We’re number one (no we aren’t); the pain of New York’s Hospitals; Updated Charts

First, I would urge everyone not to focus on wobbles in the numbers.  It really offends me how the media are saying things like “the US has more cases than any other country!”  That is either gross ignorance and incompetence, or else misleading and irresponsible fear mongering (my bet is the former).  For example, the US is reporting 216,722 cases, Italy 110,574.  Leaving aside the difference in testing (who is tested,  availability of testing, etc), the simple fact that Italy’s population is only around 60 million, vs. the US at over 330 million, comparing the two without adjusting for the fact the US is over five times the size of Italy is silly.  On a per-capita basis, to exceed Italy the US would have to have over 600 thousand cases – assuming we are even measuring the same thing (and we are not).  I started to do a plot of this and it was boring; you can barely even see the US points on a properly scaled plot yet.

Here’s the latest chart, which plots the mortality rate per 10,000 people so they are somewhat comparable.  As previously discussed, these things move slowly, and day to day wobbles have to be viewed with caution.  The good news it is does look like Spain is starting to “turn the corner” in the curve; Italy *might* have started to turn as well – we need another couple days of data to confirm.  Any chart can be clicked to embiggen …

As can be seen, the deaths in the New York have entered the steep part of the curve.  To see this more clearly, here is a plot with only the New York and New Jersey data points and forecast curves (as on the other plots, red from Spain, green from Italy, black the early March forecast, gray the H3N2 influenza sped up by a factor of 5) so you can see what is going on.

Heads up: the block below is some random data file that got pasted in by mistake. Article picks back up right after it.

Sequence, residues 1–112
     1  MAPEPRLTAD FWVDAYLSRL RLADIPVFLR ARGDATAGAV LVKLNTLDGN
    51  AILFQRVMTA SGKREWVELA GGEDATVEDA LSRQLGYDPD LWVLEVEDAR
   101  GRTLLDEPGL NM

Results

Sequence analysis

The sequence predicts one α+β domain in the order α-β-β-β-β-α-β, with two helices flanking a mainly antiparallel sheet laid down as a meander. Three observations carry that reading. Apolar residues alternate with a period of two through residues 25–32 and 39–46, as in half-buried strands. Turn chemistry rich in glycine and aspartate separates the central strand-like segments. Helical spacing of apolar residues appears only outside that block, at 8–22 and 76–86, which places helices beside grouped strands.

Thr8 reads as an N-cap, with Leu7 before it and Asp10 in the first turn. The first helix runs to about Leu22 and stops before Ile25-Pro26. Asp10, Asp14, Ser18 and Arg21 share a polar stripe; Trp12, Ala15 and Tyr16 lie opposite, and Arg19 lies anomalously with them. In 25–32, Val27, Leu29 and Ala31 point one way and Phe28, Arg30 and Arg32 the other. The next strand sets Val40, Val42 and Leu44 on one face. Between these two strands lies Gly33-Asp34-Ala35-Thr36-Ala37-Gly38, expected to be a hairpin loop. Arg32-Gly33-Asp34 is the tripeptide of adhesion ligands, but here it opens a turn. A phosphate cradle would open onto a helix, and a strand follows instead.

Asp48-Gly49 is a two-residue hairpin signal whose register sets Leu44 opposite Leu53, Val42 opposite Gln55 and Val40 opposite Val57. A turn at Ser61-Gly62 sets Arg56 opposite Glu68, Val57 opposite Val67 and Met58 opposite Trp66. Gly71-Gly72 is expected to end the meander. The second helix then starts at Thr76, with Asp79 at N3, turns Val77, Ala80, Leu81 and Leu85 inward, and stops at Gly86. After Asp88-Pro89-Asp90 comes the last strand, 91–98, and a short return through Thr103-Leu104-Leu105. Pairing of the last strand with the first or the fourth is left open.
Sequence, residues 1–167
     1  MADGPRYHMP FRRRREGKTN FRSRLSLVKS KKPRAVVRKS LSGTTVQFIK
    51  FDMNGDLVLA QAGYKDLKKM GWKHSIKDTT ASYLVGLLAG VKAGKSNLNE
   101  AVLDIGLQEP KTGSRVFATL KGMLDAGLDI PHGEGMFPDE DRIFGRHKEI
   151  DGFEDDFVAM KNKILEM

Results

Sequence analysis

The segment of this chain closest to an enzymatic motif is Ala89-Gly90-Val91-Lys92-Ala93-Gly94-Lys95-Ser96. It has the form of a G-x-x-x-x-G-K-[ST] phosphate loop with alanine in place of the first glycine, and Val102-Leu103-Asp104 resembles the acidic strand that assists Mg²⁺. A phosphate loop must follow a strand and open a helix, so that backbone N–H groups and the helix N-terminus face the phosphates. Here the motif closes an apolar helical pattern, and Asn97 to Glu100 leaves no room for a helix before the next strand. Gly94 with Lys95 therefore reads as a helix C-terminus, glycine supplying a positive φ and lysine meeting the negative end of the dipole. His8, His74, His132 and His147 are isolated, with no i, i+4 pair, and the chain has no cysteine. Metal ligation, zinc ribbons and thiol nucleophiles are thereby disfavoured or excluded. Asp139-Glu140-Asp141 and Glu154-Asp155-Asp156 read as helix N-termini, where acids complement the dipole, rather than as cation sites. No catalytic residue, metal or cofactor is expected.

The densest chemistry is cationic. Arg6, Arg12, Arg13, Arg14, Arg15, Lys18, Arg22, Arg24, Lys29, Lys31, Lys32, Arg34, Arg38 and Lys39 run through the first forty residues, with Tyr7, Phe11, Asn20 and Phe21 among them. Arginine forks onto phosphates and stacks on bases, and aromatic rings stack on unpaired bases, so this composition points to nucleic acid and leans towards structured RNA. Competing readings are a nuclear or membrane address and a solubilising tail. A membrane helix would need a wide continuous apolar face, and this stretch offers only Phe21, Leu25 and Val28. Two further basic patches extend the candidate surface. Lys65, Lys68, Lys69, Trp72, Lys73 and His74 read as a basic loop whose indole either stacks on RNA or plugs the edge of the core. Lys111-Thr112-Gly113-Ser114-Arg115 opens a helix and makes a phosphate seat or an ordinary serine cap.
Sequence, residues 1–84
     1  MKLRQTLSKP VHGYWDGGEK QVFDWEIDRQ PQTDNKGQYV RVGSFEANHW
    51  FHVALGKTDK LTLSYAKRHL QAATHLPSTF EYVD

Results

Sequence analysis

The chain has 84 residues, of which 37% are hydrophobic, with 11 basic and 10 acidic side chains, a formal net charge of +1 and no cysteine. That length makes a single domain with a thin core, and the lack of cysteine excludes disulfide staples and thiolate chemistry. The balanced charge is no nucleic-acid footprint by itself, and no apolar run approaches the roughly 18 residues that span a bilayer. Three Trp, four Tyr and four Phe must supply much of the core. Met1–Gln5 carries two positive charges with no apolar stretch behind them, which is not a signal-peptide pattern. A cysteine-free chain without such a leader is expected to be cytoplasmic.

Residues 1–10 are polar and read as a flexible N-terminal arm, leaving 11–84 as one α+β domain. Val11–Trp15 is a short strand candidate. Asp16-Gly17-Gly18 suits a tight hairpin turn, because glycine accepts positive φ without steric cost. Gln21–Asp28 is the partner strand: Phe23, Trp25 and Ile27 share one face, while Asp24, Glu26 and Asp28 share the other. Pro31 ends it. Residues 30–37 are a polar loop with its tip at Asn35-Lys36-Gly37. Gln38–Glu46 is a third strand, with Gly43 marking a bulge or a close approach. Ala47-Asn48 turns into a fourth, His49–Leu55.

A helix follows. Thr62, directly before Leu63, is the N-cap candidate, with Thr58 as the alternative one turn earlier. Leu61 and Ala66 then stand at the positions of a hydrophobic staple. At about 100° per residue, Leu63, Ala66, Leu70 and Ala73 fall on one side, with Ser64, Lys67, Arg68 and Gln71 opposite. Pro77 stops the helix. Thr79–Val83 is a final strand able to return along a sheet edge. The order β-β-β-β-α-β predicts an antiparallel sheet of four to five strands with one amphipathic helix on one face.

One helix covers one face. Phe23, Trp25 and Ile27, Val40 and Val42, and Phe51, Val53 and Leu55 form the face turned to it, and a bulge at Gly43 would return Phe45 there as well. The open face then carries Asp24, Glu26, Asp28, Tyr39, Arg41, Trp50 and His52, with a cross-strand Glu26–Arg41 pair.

But raw numbers almost never provide context.  Yesterday there were 391 recorded deaths from COVID19 in New York; the day before 332.  How does that compare to a normal day?  The CDC’s Pneumonia and Influenza mortality data base does weekly tabulations.  During the 2017 H3N2 outbreak, there were 250 or so deaths – in a bad week.  In other words, COVID19 is likely killing more people in a day than influenza does in a week.  Now, you have to be a little careful with that; with influenza, often it is not listed as a primary cause of death if there is some other underlying condition, whereas with COVID19, if someone tests positive, that is being listed as the cause even if they have a significant comorbidity like heart failure.  But even assuming influenza is underreported, and COVID19 overreported, this is a nightmare.  As experts have been warning for weeks, this is overwhelming the health care system.   But, before you panic, consider that rather than taking 25 to 30 weeks as does the influenza season, the “COVID19” season will likely last 5-6 weeks.  So the total number of people killed won’t be five times the number killed by the flu, it will likely “only” be the same to 20% higher than a season like 2017 (and on par with the H1N1 season in 2009, or swine flu in 1998).

As always, you can do your part to help the medical community deal with this crisis by following the CDC and local guidelines.  In simple terms, follow Sgt Apone’s advice (nobody touch nothin’), avoid contact with anyone outside your household, use good hygiene.  If you are under 60 or so and in good health, despite some anecdotal cases, this more than likely isn’t about you.  It’s about taking the load off the system and protecting those who are vulnerable.

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